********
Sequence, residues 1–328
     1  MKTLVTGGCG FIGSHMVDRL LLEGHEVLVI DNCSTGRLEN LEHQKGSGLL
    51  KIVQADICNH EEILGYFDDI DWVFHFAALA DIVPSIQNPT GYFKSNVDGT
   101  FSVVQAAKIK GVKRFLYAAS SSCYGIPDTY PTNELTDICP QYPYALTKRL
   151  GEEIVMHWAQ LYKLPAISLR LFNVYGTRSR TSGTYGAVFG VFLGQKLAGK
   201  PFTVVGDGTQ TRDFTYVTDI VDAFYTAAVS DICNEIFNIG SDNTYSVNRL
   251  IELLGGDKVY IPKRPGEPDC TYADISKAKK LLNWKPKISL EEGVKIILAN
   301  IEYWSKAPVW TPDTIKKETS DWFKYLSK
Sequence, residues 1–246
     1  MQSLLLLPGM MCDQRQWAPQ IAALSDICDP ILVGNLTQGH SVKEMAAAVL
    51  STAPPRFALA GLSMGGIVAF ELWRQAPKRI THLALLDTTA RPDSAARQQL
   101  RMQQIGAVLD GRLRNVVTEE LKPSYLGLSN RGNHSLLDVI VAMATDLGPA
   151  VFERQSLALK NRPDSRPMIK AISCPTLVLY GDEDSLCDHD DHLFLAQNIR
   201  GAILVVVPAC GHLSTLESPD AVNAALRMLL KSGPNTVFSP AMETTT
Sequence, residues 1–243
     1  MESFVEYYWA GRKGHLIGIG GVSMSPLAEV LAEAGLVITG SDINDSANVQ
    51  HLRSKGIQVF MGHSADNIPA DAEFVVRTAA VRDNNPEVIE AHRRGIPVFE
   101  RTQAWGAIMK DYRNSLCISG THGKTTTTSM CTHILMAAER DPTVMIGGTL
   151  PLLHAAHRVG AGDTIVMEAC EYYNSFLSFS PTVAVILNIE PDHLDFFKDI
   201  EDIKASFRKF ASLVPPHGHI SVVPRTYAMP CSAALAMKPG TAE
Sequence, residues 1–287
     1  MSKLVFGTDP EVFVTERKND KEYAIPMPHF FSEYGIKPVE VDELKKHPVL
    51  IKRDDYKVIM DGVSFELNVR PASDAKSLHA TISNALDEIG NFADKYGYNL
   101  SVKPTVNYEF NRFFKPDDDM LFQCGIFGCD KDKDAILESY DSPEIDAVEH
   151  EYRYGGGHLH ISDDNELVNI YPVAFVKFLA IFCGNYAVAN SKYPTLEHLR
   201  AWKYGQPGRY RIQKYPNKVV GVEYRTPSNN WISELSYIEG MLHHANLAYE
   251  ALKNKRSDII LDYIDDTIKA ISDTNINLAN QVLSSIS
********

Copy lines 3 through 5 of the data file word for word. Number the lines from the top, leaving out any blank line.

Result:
    51  KIVQADICNH EEILGYFDDI DWVFHFAALA DIVPSIQNPT GYFKSNVDGT
   101  FSVVQAAKIK GVKRFLYAAS SSCYGIPDTY PTNELTDICP QYPYALTKRL
   151  GEEIVMHWAQ LYKLPAISLR LFNVYGTRSR TSGTYGAVFG VFLGQKLAGK